Cognitive Impairment Higher in Southern Stroke Belt
Stroke belt residents more likely to have impaired memory and perception of time than rest of U.S.
Eight states including Alabama, Arkansas, Georgia, Louisiana, Mississippi, North Carolina, South Carolina and Tennessee make up the so-called stroke belt of the United States. This Southern region has significantly higher rates of stroke and stroke mortality than the rest of the country, in part due to greater incidence of cardiovascular risk factors such as hypertension, diabetes, kidney disease and metabolic syndrome. Since the discovery of this phenomenon in the 1950s, researchers have worked to help reduce disparities and improve the cardiovascular health of the residents.
Based on a recent study, called the REGARDS study, the stroke belt not only has higher rates of stroke but also is at increased risk for reduced brain function, known as cognitive impairment. These findings were based on data collected between 2003 and 2007 from nearly 24,000 adults, 56% of whom were stroke belt residents. During this study, participants were surveyed every two years for the evaluation of brain function, including memory and perception of time. Among study participants, stroke belt residents were 18% more likely to have impaired brain function than adults living in other parts of the United States.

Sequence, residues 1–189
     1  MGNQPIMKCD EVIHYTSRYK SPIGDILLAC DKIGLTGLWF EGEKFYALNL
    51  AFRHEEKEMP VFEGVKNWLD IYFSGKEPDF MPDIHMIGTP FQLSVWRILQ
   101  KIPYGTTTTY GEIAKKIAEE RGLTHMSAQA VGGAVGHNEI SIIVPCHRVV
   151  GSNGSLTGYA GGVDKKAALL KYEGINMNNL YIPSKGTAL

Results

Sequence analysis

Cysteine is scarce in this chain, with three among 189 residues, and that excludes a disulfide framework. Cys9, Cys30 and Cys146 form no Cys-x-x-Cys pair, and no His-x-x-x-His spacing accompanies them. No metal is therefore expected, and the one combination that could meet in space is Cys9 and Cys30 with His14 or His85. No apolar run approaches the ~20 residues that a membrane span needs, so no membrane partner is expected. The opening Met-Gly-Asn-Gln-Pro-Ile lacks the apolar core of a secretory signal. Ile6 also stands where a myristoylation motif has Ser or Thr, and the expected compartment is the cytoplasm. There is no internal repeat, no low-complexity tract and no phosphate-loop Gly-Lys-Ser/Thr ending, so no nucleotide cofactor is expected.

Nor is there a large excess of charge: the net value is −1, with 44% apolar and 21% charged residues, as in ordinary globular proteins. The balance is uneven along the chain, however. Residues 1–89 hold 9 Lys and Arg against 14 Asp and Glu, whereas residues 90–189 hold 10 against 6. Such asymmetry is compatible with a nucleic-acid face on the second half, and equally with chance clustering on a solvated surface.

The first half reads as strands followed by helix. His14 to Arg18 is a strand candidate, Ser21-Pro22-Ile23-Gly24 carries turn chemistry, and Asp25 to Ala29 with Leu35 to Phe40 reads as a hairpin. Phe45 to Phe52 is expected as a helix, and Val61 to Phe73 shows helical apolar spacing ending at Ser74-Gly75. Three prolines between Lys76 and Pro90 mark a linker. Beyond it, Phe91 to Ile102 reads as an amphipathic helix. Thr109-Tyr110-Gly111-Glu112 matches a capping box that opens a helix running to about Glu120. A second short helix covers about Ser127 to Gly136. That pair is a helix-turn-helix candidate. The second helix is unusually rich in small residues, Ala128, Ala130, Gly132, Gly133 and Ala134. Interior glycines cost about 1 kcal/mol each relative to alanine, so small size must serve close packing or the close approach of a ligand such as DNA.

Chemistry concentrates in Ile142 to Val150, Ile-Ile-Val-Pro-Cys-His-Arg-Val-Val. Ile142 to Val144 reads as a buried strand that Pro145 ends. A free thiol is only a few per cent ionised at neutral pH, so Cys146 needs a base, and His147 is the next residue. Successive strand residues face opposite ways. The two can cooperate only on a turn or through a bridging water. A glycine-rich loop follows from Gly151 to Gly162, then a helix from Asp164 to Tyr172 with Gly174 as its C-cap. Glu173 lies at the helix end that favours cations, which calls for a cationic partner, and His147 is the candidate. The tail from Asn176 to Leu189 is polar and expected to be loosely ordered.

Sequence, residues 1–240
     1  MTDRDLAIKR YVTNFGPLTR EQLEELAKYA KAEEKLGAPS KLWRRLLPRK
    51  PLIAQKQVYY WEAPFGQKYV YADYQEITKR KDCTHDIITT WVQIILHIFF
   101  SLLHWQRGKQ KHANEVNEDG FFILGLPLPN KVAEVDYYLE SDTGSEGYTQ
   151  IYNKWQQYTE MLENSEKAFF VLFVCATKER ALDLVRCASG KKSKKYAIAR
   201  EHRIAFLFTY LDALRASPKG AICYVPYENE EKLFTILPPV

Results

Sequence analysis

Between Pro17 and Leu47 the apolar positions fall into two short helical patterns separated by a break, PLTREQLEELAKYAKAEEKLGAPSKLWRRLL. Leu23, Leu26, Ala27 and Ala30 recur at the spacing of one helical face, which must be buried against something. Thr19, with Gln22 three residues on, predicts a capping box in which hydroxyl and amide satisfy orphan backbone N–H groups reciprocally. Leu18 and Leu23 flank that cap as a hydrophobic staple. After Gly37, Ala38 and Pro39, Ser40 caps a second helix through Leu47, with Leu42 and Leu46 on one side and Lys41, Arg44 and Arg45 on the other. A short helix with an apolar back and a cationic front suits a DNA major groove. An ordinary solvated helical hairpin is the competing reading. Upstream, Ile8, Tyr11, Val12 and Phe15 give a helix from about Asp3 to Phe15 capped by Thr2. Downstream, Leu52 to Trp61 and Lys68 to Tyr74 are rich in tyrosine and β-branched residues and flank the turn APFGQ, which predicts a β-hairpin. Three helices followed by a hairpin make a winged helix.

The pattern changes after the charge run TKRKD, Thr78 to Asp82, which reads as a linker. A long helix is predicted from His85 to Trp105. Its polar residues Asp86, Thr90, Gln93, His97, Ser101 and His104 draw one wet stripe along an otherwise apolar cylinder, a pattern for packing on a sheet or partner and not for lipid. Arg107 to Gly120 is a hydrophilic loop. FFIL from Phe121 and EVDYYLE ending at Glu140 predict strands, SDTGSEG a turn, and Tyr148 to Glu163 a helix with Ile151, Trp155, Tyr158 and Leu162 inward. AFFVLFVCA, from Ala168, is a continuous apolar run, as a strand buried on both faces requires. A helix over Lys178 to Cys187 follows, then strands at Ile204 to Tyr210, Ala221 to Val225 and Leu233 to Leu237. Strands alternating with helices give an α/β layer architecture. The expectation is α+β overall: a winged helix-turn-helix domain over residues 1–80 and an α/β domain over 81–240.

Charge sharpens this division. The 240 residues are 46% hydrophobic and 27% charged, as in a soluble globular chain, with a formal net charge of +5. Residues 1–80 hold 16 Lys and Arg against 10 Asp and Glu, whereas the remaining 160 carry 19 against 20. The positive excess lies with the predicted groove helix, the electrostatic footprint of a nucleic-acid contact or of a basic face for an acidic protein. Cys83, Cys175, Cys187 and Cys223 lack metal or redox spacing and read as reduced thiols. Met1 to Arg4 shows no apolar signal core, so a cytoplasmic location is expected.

This study is the first to document cognitive impairment disparities among residents of this region, which will provide useful information for researchers and healthcare providers. Based on results, researchers believe that this reduced cognitive function is a direct result of greater risk factors for stroke, like diabetes. The same risk factors for stroke also increase risk for cognitive impairment, which are more prominent in the stroke belt than other areas of the country. However, African-American race, old age, and limited education were also strongly associated with reduced cognitive function, nearly doubling risk. Therefore, stroke belt residents should work with healthcare providers to reduce risk for stroke and cognitive impairment through cardiovascular risk reduction, particularly those at greatest risk for these conditions.
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